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Commitment to Lifelong Learning is a pillar of the Certified Food Scientist CFS program. Have all your questions answered about the requirements for maintaining and renewing your CFS, and get tips on building a continuing education plan that will benefit both you and your organization.

Nearly 15 million people are affected by food allergies in the United States alone, and current global trends show that this number of individuals is increasing, particularly in developed countries. A committee of the National Academy of Sciences, Engineering, and Medicine was charged with examining critical issues related to food allergy, including the prevalence and severity of food allergies and its impact on affected individuals, families, and communities; and current understanding of food allergies as a disease, and in diagnostics, treatments, prevention, and public policy. This consensus study engaged a broad array of stakeholders, including government agencies, organizations, academic institutions, industries, policy makers, and patient organization groups in addition to bringing together leading investigators from relevant fields, clinicians, and parents to engage in review of the issues surrounding food allergies. This symposium highlights the committee’s framework for future directions in several key areas: recommending steps to increase public awareness of food allergies; promoting research on both disease causation and management; and informing preventive approaches to FA; and identifying research gaps and making recommendations to fill them. The symposium also includes perspectives from various stakeholders about managing food allergies, including progress up to now and future plans.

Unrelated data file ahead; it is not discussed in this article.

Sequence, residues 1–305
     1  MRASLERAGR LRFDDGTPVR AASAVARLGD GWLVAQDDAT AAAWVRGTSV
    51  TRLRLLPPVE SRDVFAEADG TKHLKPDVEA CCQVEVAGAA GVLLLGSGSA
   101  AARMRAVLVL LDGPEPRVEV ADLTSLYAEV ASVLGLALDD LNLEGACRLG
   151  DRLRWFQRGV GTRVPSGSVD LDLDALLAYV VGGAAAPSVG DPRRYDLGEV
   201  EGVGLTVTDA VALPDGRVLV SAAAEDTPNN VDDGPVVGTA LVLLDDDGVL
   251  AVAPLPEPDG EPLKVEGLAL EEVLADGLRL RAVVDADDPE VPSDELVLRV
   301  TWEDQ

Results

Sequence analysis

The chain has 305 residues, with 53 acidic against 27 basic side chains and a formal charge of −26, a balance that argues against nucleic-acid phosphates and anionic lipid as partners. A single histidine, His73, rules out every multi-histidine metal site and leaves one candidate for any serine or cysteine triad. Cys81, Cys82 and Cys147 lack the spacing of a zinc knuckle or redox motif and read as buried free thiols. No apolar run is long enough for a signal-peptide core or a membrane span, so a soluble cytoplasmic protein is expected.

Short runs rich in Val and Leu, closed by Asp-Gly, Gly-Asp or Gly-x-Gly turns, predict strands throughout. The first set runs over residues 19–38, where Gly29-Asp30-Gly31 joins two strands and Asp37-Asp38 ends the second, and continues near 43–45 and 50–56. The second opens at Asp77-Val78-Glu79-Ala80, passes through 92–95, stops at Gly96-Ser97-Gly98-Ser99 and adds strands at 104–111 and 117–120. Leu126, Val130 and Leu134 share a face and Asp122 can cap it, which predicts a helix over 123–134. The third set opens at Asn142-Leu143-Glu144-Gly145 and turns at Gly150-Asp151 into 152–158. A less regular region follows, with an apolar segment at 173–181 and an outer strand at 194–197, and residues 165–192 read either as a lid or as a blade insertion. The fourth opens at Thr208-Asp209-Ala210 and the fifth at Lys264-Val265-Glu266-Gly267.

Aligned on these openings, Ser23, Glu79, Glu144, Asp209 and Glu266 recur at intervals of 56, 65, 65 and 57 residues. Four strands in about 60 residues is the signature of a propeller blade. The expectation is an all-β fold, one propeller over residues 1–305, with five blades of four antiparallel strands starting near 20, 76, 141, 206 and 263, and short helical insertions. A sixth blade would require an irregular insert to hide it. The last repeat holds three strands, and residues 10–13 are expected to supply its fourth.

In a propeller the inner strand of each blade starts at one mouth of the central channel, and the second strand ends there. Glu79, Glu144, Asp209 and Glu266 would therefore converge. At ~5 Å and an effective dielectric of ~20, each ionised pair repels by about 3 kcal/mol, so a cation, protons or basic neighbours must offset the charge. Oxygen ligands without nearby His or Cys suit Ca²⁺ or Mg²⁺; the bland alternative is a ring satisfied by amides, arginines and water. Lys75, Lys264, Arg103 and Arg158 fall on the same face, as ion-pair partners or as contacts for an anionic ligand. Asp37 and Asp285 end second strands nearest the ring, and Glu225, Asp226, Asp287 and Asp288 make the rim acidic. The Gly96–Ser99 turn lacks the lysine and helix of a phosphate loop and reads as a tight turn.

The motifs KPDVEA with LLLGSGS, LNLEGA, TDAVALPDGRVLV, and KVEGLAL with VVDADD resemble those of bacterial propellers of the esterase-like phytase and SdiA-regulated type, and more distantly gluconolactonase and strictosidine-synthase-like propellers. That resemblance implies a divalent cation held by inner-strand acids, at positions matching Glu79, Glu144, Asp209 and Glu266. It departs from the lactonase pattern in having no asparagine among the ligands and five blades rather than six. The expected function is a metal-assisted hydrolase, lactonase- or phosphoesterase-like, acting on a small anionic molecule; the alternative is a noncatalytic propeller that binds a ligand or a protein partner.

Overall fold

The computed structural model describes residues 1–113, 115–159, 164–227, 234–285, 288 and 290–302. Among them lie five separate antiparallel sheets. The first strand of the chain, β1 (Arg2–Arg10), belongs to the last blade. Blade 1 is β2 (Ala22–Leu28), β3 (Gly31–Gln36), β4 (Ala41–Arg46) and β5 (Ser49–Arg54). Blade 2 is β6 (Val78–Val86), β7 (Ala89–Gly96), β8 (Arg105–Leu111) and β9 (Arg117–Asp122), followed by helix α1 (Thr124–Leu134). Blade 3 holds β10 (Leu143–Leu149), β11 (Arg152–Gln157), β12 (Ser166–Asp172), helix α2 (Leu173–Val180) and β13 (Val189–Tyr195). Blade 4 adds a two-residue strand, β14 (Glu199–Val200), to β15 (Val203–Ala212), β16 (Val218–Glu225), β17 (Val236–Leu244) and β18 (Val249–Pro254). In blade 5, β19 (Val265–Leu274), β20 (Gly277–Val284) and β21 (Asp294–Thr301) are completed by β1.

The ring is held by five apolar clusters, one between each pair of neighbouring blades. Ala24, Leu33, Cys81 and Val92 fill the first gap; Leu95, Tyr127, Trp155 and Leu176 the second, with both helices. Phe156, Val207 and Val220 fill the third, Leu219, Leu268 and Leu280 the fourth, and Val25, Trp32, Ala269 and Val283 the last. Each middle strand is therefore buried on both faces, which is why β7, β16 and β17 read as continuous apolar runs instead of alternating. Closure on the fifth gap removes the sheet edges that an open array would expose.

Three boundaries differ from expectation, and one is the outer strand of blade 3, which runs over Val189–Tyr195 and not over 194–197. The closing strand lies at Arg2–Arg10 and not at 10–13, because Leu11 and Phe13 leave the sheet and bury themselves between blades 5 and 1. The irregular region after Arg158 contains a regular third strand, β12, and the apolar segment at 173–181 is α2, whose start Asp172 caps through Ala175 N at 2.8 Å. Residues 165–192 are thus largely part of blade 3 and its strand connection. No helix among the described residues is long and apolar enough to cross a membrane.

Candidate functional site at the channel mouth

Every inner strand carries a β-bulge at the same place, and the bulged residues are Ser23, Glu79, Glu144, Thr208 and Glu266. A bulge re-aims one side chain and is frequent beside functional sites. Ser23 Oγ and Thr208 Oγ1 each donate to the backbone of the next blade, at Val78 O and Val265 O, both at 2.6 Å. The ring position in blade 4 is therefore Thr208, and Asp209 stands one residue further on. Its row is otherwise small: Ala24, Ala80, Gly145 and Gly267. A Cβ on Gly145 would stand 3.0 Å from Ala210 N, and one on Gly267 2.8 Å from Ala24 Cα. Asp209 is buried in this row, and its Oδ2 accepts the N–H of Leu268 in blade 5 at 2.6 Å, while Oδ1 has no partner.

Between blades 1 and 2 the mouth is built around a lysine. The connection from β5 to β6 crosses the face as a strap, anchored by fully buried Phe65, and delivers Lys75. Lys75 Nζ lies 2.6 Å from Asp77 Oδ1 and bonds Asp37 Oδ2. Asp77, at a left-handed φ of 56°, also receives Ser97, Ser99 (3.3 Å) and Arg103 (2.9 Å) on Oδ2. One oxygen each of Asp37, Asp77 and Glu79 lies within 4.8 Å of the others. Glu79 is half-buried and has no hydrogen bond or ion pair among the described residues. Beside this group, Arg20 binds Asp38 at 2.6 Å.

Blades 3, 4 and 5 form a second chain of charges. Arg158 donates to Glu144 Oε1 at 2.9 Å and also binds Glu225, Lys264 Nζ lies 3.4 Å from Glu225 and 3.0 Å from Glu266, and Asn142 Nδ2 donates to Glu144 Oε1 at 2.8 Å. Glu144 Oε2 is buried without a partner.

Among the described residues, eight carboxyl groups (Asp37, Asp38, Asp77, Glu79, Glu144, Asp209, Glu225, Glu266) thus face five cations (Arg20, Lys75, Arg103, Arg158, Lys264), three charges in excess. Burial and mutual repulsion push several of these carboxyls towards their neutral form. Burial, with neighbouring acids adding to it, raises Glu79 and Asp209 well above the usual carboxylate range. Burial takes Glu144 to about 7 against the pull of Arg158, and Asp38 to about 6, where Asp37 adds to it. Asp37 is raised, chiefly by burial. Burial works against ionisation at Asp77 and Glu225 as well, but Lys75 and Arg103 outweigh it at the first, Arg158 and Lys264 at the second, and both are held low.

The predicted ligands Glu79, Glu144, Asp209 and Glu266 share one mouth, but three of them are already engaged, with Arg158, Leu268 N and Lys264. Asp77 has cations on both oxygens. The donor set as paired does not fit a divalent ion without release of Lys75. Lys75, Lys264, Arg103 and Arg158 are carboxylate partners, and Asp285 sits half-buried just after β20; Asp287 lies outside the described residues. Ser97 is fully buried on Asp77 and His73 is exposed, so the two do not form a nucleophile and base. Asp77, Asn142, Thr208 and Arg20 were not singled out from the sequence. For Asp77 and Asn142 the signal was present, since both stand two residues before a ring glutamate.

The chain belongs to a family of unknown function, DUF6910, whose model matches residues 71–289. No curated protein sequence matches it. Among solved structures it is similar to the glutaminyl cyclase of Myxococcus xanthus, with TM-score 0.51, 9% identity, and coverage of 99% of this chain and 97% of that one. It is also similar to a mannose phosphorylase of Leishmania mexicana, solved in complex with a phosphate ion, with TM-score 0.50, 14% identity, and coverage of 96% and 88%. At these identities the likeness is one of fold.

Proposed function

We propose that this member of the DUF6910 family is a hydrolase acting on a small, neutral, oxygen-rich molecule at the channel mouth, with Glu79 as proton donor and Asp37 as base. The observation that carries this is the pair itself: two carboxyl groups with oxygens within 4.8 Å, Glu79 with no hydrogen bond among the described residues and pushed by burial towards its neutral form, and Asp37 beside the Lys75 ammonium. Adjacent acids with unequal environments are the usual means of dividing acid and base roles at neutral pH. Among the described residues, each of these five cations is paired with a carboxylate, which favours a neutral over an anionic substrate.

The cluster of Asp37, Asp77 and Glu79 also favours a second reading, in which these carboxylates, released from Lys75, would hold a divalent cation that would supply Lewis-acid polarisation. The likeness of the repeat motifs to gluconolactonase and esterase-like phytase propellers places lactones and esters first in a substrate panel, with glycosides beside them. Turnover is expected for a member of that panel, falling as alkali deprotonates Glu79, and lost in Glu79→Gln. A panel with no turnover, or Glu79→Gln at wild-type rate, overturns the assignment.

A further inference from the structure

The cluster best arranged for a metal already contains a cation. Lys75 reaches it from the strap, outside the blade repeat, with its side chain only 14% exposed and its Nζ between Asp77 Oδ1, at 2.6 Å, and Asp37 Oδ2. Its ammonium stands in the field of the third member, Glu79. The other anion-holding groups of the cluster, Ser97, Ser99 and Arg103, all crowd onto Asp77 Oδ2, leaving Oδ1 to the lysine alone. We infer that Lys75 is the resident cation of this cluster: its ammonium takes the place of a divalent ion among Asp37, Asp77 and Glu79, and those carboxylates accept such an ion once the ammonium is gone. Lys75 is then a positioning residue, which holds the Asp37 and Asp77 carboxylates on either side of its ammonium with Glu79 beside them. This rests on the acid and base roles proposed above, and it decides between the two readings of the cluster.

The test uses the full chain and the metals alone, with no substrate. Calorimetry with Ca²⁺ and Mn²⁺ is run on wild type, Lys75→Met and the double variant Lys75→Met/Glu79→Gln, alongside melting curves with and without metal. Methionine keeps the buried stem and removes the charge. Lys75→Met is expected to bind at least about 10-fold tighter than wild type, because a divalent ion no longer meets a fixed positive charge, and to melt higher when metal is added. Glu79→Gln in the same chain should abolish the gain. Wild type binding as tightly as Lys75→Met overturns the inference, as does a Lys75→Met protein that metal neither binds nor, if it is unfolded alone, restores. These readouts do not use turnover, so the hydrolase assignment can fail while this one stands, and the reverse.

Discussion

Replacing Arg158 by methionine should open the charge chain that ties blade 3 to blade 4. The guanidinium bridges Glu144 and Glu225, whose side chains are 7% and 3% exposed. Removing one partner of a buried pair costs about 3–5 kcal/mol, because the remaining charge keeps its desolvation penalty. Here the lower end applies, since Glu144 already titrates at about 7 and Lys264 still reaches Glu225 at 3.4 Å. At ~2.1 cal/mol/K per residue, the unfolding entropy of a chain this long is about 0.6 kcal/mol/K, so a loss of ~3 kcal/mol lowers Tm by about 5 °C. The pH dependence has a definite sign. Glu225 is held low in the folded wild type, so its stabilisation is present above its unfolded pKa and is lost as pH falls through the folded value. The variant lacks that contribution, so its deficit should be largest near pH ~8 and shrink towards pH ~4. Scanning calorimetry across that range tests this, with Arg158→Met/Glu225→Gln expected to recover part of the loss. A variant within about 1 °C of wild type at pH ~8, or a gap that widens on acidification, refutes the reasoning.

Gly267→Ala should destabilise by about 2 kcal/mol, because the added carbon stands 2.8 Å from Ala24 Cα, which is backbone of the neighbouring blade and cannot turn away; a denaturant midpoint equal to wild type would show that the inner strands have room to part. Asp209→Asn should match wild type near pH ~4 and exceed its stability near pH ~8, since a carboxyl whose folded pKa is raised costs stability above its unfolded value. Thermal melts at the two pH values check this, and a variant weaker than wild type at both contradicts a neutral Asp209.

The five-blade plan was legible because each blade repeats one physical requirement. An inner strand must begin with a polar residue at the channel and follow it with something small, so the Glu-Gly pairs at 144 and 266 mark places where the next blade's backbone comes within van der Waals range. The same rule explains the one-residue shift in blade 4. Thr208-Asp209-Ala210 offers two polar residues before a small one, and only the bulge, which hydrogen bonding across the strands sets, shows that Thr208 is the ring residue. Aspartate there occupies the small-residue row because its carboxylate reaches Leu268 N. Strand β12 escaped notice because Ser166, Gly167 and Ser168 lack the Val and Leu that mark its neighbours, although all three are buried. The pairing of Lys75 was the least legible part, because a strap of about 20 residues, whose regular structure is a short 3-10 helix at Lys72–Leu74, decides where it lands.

Consumer preferences, food regulations and the competitive landscape are all changing which means innovation is imperative in your job. Break through the mental blocks and self-defeating habits that keep you from developing fresh ideas. This highly-interactive course offers dozens of strategies and techniques to help you harness the power of innovative thinking. You’ll find solutions to long-standing problems and enhance your own and others’ ability to think more clearly and make better decisions. Become a creativity catalyst and step outside the boundaries of traditional thinking to get results.